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Start of a legend

1 October 2007 by stepheng

photograph of painting of a ship with masts and a small boat in attendance. Liverpool can be seen in the background

The Britannia (detail, reproduction) on display in the Lifelines Gallery. Image courtesy of Liverpool Daily Post and Echo

To me, Stephen Guy, Samuel Cunard is one of the most inspirational figures in the history of the business side of seafaring. Cunard (1787 – 1865) was the founder of perhaps the best-known shipping line in the world which had small beginnings in Liverpool (more on the main site). Merseyside Maritime Museum has many exhibits linked to the Cunard line but today we focus on the Canadian entrepreneur’s first ship, the paddle steamer Britannia.

Born in Halifax, Nova Scotia, Cunard was a civil engineer who came to Britain to operate a fast mail service using steamships between the UK and America. A fine portrait bust of him can be seen on the top floor.

A huge shipping line grew from the early days of Britannia which is represented in the museum by a superb, finely-detailed model made by legendary ship modellers Bassett Lowke Ltd. Britannia was built by R Duncan & Co in Greenock in 1840 and was Cunard’s first purpose-built Atlantic liner. She was way ahead of sailing ship competition in terms of passenger accommodation and speed but there were some disadvantages to this ultra-modern mode of transport. A display panel in the museum’s Lifelines gallery shows Britannia leaving Liverpool on her maiden voyage to Halifax, Nova Scotia, and Boston, Massachusetts, on 4 July 1840.

Because she was designed for speed, passengers had to put up with some inconveniences. About half the space on board was taken up by her engines and coal bunkers. The noise and vibrations of the engines and paddle-wheels and the smoke on deck from the belching funnel were very unpleasant. However, compared with contemporary sailing ships her passenger accommodation was considered luxurious – small cabins housing 115 people on the main deck below. There was also a dining saloon.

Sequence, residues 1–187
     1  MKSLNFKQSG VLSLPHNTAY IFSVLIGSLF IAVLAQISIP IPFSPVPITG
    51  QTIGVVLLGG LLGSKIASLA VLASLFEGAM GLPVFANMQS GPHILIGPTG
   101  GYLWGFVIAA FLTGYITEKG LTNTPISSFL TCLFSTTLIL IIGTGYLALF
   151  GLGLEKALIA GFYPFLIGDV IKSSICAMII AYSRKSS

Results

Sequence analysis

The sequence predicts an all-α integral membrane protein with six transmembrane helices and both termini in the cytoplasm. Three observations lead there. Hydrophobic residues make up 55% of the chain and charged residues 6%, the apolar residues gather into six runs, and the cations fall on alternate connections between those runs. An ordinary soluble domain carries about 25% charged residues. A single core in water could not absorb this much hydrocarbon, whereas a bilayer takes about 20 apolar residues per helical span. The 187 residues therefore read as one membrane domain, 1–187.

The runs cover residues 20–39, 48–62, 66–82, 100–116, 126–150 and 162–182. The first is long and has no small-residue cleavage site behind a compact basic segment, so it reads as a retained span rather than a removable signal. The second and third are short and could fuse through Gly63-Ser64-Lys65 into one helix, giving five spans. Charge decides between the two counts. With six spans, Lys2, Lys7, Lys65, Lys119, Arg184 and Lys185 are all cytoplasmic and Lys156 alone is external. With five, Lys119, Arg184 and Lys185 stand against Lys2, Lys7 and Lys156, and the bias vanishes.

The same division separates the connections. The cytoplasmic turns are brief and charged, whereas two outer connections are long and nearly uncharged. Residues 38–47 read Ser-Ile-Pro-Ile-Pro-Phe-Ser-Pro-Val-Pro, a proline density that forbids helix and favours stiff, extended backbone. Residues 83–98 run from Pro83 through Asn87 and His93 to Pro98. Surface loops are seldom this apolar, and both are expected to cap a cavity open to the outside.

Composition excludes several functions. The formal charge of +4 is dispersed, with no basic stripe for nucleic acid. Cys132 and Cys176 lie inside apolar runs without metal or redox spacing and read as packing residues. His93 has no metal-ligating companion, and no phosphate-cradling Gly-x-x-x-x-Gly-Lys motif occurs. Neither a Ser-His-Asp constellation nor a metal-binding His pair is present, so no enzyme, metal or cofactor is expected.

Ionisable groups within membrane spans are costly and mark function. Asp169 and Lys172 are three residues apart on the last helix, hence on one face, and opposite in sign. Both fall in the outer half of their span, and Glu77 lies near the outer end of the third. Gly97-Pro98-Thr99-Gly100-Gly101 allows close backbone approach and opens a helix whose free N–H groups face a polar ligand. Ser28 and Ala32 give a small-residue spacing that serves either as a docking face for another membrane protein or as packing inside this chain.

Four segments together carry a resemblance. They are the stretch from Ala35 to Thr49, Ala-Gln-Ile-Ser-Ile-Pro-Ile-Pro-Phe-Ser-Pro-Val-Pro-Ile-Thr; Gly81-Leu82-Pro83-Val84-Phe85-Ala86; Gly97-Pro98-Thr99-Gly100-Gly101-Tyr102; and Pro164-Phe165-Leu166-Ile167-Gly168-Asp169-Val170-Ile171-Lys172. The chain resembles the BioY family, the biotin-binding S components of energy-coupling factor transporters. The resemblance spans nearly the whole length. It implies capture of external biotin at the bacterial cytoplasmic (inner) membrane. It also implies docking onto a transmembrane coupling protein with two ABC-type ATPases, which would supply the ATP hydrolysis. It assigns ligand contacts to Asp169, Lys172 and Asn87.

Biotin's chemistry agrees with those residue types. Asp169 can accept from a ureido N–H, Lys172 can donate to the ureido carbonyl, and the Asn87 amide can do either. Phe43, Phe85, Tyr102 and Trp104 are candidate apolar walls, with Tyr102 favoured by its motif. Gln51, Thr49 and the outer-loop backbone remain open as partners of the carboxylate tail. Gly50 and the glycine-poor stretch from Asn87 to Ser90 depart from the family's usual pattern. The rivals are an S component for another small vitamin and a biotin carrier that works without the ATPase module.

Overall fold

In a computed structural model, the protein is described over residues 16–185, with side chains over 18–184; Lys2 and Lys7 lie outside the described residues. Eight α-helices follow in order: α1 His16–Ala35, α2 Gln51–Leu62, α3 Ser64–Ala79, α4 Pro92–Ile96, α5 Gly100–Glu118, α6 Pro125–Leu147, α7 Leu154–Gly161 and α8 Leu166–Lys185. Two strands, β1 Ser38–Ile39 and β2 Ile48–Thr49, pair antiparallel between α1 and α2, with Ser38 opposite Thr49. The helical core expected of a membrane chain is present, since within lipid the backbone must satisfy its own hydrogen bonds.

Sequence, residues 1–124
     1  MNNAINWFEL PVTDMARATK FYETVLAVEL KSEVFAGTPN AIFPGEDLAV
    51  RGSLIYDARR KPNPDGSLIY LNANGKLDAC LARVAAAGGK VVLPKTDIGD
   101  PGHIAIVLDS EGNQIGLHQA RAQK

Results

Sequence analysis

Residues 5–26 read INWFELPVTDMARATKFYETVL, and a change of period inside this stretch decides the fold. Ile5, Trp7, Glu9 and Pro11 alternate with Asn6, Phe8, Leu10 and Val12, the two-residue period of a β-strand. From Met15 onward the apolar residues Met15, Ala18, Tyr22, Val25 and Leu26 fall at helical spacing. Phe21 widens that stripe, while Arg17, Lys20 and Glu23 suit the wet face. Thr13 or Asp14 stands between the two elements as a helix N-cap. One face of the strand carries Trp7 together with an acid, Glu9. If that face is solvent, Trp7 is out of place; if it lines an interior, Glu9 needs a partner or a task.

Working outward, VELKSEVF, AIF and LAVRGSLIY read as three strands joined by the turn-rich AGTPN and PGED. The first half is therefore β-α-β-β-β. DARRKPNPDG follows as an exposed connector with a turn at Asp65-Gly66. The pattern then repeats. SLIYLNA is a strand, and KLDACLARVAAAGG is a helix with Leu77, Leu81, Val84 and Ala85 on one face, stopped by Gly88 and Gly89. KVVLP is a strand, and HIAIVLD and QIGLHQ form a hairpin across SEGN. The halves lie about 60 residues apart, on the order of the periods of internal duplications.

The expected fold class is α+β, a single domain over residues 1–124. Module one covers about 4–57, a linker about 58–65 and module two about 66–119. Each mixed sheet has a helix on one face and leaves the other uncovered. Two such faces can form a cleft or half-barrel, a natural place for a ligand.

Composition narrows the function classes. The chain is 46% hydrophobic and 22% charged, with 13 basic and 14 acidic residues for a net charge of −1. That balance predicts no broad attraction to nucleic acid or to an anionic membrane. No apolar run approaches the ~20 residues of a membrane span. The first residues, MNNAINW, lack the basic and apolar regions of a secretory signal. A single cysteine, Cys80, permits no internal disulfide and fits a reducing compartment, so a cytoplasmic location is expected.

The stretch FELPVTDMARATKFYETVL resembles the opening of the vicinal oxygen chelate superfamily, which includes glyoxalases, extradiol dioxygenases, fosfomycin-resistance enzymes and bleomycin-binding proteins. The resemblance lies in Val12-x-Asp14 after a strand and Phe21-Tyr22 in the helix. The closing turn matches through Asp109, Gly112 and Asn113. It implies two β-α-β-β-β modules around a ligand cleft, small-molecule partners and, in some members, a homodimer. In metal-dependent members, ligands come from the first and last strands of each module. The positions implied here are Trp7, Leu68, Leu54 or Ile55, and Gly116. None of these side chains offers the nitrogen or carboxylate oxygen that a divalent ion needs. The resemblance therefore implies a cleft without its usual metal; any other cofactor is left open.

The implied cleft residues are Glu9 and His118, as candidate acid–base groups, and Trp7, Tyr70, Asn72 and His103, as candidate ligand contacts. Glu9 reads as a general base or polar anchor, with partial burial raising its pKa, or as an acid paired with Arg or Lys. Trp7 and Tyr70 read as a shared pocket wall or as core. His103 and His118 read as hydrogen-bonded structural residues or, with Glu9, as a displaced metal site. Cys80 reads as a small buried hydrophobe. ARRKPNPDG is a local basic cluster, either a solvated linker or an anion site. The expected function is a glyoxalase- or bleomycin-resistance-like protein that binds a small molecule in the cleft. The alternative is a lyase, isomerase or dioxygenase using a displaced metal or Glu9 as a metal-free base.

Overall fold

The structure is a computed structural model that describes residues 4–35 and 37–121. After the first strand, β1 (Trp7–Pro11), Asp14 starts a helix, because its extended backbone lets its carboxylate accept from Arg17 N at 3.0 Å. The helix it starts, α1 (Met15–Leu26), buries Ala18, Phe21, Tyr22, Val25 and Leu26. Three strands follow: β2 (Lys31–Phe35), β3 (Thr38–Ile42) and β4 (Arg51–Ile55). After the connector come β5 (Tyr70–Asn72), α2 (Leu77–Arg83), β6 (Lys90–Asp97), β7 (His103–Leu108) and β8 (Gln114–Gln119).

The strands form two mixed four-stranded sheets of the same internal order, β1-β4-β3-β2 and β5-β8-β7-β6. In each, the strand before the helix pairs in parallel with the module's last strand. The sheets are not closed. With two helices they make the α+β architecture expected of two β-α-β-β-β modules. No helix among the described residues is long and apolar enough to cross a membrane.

Cows were carried on deck to ensure supplies of fresh milk. The holds could carry up to 225 tons of cargo.

A model of a First Class stateroom shows the best that early Victorian sea-travellers could experience – little more than a pokey cubby-hole but luxurious by the standards of the time. It was used by popular author Charles Dickens and his wife during a 14-day voyage on Britannia from Liverpool to Boston USA in 1842.
  
The tiny detailed model shows two narrow bunks, a bench, primitive washing facilities and a few coat hangers and no wardrobes. There is even Dickens’ minute silk top hat, overcoat, boots and duck-headed cane. Dickens wrote in his American Notes: “Nothing smaller for sleeping in was ever made than a coffin”. (You can read Dickens’ American Notes on the Free Library website).

A PS Britannia wallpaper is available on our main site.

A new Maritime Tale appears every Saturday in the Liverpool Echo.

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